With more than two billion users Facebook is bigger than Christianity,” says Stanford law professor Jim Steyer. “Their ability to amplify hate speech or white supremacy or racist messages is so extraordinary because of the scale of the platform.”
It’s a typically bold statement from the man who set up the Stop Hate for Profit (SHFP) campaign calling on advertisers to withdraw from Facebook for the month of July. More than 500 firms have joined the temporary boycott, including Coca-Cola, Adidas and Unilever.
Facebook’s stock price has taken a tumble, though it still remains high, and last week its communications chief, Nick Clegg, was busy trying to persuade anyone who’d listen that the platform has a “zero tolerance” approach to hate speech. But, he wrote in a policy statement posted on Thursday, “[w]hen content falls short of being classified as hate speech... we err on the side of free expression because, ultimately, the best way to counter hurtful, divisive, offensive speech, is more speech. Exposing it to sunlight is better than hiding it in the shadows.”
As far as Steyer is concerned, Clegg, the former deputy prime minister and leader of the Liberal Democrats, has become a mouthpiece for social destruction.
“Nick should be embarrassed for putting that forward,” says Steyer. “He and Mark would flunk a fifth-grade civics class with their libertarian ‘free speech trumps everything in society’ argument. The first amendment doesn’t apply to Facebook. The first amendment applies to government restrictions on speech in the United States.”
He says the campaign is not afraid to “shame people who do terrible things to our society,” as long as it doesn’t involve ad hominem attacks. As forthright as he is in his opinions, some of the heat is taken out of them by the fact he seems to call everyone by their first name. This may be because he knows everyone. A renowned networker, the ebullient 64-year-old has been said to be “connected to more big names than Kevin Bacon”. His “little brother”, as he calls him, is the billionaire former hedge-fund manager Tom Steyer who ran a conspicuously unsuccessful campaign for the 2020 Democratic presidential nomination. He dropped out in February, having spent $191m on advertising.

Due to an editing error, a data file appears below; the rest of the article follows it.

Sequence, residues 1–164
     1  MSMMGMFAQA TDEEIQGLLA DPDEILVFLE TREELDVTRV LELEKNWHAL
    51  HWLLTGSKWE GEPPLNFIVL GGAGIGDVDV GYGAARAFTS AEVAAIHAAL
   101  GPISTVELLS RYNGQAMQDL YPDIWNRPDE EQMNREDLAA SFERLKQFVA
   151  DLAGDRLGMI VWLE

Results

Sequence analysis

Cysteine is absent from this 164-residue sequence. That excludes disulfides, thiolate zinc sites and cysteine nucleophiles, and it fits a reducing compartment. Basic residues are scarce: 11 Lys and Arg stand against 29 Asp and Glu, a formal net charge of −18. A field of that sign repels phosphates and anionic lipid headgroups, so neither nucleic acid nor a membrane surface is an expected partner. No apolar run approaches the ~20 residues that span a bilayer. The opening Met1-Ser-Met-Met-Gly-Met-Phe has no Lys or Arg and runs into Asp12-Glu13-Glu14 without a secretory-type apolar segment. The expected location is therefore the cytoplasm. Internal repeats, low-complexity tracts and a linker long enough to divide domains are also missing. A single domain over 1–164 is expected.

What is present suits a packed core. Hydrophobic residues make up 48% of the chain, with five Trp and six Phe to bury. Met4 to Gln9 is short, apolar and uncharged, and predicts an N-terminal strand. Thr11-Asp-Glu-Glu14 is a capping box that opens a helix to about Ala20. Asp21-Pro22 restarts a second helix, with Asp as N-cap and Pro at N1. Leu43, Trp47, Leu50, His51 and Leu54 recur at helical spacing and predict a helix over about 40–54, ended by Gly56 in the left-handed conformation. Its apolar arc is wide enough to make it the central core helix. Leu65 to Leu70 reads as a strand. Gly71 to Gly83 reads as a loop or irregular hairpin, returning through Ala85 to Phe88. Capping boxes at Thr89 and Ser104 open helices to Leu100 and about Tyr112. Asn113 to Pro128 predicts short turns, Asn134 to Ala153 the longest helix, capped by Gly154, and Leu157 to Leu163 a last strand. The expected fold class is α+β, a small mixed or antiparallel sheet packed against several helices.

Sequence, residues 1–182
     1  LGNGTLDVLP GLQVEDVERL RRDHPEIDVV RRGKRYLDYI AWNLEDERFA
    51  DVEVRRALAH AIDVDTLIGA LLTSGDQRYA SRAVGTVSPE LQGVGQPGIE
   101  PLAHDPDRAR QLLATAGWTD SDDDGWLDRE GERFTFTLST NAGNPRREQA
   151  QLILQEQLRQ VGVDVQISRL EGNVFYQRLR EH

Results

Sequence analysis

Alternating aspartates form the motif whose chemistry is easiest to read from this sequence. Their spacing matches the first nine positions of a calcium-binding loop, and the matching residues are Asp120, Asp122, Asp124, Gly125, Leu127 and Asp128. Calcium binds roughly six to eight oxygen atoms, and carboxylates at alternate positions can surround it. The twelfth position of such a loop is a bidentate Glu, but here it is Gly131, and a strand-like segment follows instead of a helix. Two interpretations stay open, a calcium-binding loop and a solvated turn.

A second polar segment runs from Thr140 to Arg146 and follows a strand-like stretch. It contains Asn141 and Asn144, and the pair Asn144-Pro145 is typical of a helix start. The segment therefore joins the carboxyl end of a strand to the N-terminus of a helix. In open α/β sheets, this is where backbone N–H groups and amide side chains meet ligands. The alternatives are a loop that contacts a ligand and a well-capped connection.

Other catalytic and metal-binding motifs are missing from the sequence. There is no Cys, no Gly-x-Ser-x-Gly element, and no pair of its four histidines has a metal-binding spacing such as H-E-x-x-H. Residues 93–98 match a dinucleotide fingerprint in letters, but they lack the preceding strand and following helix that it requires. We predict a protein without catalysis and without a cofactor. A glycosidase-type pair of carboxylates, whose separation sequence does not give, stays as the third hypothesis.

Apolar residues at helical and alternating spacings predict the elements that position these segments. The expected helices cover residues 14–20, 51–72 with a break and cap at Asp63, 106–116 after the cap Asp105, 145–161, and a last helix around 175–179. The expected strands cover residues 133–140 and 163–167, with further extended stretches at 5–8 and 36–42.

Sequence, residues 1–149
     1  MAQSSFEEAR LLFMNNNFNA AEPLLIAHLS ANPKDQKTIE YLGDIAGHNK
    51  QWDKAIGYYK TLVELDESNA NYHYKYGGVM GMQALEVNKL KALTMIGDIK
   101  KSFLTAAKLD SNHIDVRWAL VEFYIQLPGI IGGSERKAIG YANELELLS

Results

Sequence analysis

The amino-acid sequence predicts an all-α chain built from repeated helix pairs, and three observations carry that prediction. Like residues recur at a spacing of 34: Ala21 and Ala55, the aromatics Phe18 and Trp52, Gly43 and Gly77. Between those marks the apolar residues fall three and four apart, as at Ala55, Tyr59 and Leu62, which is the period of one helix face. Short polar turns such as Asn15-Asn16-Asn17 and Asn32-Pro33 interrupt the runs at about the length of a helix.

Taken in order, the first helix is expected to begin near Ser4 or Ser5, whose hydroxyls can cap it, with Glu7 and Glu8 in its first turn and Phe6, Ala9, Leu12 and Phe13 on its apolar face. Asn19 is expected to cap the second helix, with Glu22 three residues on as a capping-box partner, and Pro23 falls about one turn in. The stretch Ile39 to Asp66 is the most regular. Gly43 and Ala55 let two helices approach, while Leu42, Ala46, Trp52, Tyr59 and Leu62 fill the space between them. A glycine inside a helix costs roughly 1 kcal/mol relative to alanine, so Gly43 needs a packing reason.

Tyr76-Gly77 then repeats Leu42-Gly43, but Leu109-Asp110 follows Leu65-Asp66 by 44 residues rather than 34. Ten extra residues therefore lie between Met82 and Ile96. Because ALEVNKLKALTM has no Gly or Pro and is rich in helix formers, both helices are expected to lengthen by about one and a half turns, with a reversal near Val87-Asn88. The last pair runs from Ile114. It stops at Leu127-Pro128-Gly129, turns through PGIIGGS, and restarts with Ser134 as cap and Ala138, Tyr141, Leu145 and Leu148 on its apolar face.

Among the names he mentions is “Sheryl” – Sandberg, the number two at Facebook. Steyer likes to joke that he is “no longer invited to Sheryl’s Hanukkah party”, as a result of his 2012 book, Talking Back to Facebook.
It argued that Facebook, along with other social media platforms, had “a very significant and negative impact on the social, emotional and cognitive development of children”. Steyer is the founder of Common Sense Media, a non-profit organisation that promotes safe media and entertainment for children. A New Yorker, he started out as a schoolteacher in Harlem and the South Bronx, moved into civil rights – he did death penalty work with the lawyer and activist Bryan Stevenson and ran the NAACP Legal Defence Fund – and began teaching civil liberties at Stanford in 1986.
Today, with his flowing blond hair and wearing an old T-shirt, Steyer looks every inch a Californian. On our Zoom call he even uses an image of a surfer’s wave for his screen backdrop. Since his book, his attitude towards Facebook has if anything hardened. Last autumn he found himself in conversation about social media with a new friend, “Sacha”, the comic actor Sacha Baron Cohen – best known for the satirical inventions Borat and Ali G. “He’s a very, very intelligent man,” says Steyer.
They were joined by Jonathan Greenblatt, head of the Anti-Defamation League. Out of their discussion came the idea for SHFP. Steyer’s intention was to launch the campaign back in January but decided more partners were needed. In the event Baron Cohen made a cutting reference to Facebook’s CEO when he introduced JoJo Rabbit at the Golden Globes.
“It’s critical that the UK and Europe speak up – they’re incredibly important territories for FacebookJim Steyer
“The hero of this next movie is a naive, misguided child who spreads Nazi propaganda and only has imaginary friends,” said Baron Cohen. “His name is Mark Zuckerberg.”
It was the protests provoked by the death of George Floyd in Minneapolis on 25 May that led civil rights groups including Colour of Change and NAACP to come on board with Steyer. “A lot of the white supremacist arguments being made and falsehoods about both Covid-19 and racial justice were on Facebook,” he explains.
The newly formed coalition’s strategy was to “hit Facebook in the wallet”. But it’s a very large and deep wallet. The company generates more than $70bn in annual advertising revenues, and most of that money comes not from major brands but from small businesses.
So far the boycott has been limited to the United States, which means many of the companies that have been vocal about withdrawing their advertising continue to spend money on Facebook elsewhere in the world. Indeed, some have simply shifted their advertising to Instagram (also owned by Facebook) or targeted Facebook users through the Facebook Audience Network.